As COVID-19 cases mounted there were times when it was feared that ICUs would be overwhelmed – and the possibility that decisions would need to be made on which patients would be admitted and on what basis. This study – published in Medical Decision Making, used anonymised NHS patient data to simulate the outcome of different approaches.
The rationing of ICU care would have demanded decisions with profound practical and ethical implications about triaging patients. Scientific evidence was needed about which approaches would yield what outcomes as a basis for rational decision-making on the best use of limited resources.
A team led by Dr Richard Wood, Head of Modelling and Analytics at BNSSG CCG and HDR UK associated researcher, addressed the issue by creating an open source computer simulation model. Using the records of 9,505 hospital patients they were able to assess the likely number of lives and life years saved for specific triage strategies under different scenarios.
The study was possible thanks to the relationships and networks Dr Wood and his colleagues had developed through HDR UK’s South West Better Care programme.
If it had become necessary (as it has in some countries) to choose which patients were treated in ICU beds (with vital equipment like ventilators) then some forms of triaging could reduce the number of life years lost and, to a lesser extent, the number of lives lost.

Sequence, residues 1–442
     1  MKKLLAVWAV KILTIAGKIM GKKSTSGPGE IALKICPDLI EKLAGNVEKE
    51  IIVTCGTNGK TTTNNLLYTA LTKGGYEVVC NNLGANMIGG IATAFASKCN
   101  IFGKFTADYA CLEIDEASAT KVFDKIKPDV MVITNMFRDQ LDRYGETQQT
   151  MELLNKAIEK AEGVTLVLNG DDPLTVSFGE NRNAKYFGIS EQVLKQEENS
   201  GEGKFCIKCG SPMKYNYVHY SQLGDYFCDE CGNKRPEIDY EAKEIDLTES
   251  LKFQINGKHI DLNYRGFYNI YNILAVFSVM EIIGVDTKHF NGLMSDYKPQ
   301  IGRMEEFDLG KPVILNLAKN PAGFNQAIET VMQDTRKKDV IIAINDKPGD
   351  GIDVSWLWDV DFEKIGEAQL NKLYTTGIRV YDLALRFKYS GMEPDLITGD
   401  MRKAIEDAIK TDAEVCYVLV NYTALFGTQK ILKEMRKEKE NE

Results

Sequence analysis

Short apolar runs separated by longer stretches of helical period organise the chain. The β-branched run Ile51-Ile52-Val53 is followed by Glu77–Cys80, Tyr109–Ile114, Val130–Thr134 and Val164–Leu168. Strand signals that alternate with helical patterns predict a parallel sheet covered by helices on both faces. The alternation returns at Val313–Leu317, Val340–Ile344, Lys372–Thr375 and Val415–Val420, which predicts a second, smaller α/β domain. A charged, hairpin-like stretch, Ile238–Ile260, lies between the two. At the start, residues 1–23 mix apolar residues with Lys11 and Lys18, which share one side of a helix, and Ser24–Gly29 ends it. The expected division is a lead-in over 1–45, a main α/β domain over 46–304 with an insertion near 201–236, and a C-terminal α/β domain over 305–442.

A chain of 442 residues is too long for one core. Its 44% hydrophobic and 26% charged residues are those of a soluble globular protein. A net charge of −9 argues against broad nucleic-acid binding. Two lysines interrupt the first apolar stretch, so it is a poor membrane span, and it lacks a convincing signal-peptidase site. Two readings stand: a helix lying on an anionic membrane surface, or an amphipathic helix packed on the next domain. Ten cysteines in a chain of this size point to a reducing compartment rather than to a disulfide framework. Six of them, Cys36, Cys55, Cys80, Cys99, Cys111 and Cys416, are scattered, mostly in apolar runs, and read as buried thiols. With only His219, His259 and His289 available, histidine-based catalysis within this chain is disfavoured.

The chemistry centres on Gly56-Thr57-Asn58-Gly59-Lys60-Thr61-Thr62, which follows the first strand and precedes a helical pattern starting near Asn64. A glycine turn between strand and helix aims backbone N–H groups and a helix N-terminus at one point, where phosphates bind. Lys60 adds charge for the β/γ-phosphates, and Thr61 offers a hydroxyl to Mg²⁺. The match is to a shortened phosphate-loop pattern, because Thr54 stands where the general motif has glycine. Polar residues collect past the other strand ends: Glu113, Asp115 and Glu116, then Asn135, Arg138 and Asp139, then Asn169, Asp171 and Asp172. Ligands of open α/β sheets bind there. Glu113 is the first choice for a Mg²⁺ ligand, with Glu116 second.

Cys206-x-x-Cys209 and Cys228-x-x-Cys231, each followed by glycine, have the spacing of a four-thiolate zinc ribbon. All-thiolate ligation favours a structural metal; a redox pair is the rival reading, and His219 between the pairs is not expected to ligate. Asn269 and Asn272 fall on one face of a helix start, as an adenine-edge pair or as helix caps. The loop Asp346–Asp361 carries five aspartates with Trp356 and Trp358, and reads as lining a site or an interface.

Age was a key determinant and the best results were from prioritising patients under 50.
Triaging at the point of expressed demand had little effect on deaths but reduced life years lost by up to 8.4% (95% CI: 2.6% to 18.7%). However “reverse triage”, where patients not meeting the criteria are immediately discharged if a patient arrives who does meet them, could reduce life years lost by 11.7% (2.8% to 25.8%). This represents 23.0% (5.4% to 50.1%) of what is operationally feasible with no limit on capacity and in absence of improved clinical treatments.
Such triaging would trade off lives and life years saved in favour of predominantly younger patients, with greater survival outcomes and life-year potential. The research also highlighted the importance of accurate modelling – if, for example, the age threshold was set too low under a suboptimal triage strategy then performance could actually fall.
Impact and outcomes
Very little work has previously been done on intensive care triage. It is hoped that the research will provide a basis for policymakers and care providers to start preparing protocols for future health emergencies. As the research makes clear, this requires serious consideration of ethical and practical issues.
Insights from the Impact Committee
The HDR UK Impact Committee chose this paper as an example of how health data science can contribute to better care. They were impressed with it as research with a high degree of public and patient impact, and that is generalisable.
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